Cerberus Fossae Fissures
Cerberus Fossae Fissures
PSP_005720_1885  Science Theme: Tectonic Processes
This image shows several parallel segments of the Cerberus Fossae. This is a system of fissures formed by extension and stretching of the near-surface of Mars. It is associated with some of the most recent large-scale events on the planet.

The Athabasca Valles channel system has its source at one segment of the Cerberus Fossae. This channel was most likely carved by a massive flood of water, perhaps released by the same tectonic processes which formed the fossae. Cerberus Fossae then extruded a large lava flow that draped Athabasca Valles. HiRISE images were recently used to describe details of this history in a paper published in the journal Science (Jaeger et al., Science, volume 317).

In the RGB false-color, this image shows a striking contrast. The plains are a generally bland beige, while the floors of the fissures are bright blue. Since the fissure walls are cutting through the lava which makes up the plains, the blue color probably indicates relatively dust-free exposed rock, while the beige is due to dust coating the level plains. Although the Cerberus Fossae released lava in places, at this site there is no evidence for a vent and the fissures have simply cut through pre-existing lava.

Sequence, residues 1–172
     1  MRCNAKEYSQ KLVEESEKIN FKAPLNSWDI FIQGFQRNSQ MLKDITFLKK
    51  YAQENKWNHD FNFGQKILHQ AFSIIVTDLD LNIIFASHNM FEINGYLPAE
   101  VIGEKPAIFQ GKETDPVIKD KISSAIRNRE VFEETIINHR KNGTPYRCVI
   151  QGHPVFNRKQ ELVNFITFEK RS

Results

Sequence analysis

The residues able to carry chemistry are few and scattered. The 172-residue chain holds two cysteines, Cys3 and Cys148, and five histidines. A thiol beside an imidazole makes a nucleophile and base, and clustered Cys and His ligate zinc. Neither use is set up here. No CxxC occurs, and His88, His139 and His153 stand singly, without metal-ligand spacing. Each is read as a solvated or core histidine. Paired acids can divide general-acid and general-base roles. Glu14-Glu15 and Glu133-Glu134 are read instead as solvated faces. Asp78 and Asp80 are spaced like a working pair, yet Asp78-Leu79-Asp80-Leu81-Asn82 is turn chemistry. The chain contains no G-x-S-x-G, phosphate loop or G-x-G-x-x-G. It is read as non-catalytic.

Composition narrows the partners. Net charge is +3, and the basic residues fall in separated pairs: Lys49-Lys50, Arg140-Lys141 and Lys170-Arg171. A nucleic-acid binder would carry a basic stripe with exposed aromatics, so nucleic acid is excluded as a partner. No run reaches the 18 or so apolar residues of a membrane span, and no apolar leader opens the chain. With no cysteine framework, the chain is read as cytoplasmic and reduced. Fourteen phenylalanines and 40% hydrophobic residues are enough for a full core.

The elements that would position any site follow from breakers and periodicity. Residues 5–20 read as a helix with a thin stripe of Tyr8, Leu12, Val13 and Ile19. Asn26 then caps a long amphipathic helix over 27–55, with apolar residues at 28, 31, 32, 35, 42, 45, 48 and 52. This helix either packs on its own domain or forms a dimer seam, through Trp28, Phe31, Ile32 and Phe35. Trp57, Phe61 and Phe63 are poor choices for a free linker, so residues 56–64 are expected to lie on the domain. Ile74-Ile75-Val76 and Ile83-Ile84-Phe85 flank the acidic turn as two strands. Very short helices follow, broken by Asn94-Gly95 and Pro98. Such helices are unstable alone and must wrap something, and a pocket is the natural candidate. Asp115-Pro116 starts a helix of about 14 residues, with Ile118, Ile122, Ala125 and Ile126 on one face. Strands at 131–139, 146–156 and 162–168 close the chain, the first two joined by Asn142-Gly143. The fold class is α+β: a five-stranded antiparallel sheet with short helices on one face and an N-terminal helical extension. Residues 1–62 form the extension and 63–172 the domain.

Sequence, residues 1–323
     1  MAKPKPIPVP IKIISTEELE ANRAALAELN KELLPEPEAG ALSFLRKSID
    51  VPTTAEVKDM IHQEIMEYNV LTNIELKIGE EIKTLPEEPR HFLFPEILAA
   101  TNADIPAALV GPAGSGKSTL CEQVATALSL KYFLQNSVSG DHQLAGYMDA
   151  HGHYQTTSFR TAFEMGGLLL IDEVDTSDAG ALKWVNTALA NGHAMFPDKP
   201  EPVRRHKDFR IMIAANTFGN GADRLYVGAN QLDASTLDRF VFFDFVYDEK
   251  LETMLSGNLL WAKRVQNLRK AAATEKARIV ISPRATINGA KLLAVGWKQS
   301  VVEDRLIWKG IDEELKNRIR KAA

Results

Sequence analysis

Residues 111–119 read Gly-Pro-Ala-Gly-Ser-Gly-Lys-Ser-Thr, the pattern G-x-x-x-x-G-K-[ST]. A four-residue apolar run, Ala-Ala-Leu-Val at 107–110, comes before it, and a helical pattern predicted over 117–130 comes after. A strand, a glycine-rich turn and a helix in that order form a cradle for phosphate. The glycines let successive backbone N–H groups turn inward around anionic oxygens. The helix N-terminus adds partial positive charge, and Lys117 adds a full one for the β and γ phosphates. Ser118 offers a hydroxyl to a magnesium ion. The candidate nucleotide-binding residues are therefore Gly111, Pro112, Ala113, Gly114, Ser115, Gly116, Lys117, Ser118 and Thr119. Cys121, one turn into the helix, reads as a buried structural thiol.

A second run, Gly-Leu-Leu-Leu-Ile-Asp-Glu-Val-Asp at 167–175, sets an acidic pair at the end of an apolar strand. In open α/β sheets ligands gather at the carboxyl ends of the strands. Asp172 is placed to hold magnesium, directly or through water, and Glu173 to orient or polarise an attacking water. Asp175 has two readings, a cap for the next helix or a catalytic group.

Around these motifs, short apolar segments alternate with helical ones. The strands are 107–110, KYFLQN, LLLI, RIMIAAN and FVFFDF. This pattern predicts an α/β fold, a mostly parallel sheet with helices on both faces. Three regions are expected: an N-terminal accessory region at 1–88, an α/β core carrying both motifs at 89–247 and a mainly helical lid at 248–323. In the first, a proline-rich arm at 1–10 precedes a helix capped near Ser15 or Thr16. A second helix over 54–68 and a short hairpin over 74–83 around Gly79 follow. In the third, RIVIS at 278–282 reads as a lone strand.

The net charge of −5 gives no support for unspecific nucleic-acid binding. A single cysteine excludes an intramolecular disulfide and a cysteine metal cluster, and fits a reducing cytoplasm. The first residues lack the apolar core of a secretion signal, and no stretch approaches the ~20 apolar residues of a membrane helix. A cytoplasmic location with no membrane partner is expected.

Written by: Colin Dundas  (7 November 2007)
Acquisition date
16 October 2007

Local Mars time

Latitude (centered)

Longitude (East)

Spacecraft altitude
275.3 km (171.1 miles)

Original image scale range
27.5 cm/pixel (with 1 x 1 binning) so objects ~83 cm across are resolved

Map projected scale
25 cm/pixel and North is up

Map projection

Emission angle

Phase angle

Solar incidence angle
38°, with the Sun about 52° above the horizon

Solar longitude
331.5°, Northern Winter

For non-map projected images
North azimuth:  97°
Sub-solar azimuth:  334.2°
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Black & white is 5 km across; enhanced color about 1 km
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NASA’s Jet Propulsion Laboratory, a division of the California Institute of Technology in Pasadena, Calif., manages the Mars Reconnaissance Orbiter for NASA’s Science Mission Directorate, Washington. The HiRISE camera was built by Ball Aerospace and Technology Corporation and is operated by the University of Arizona.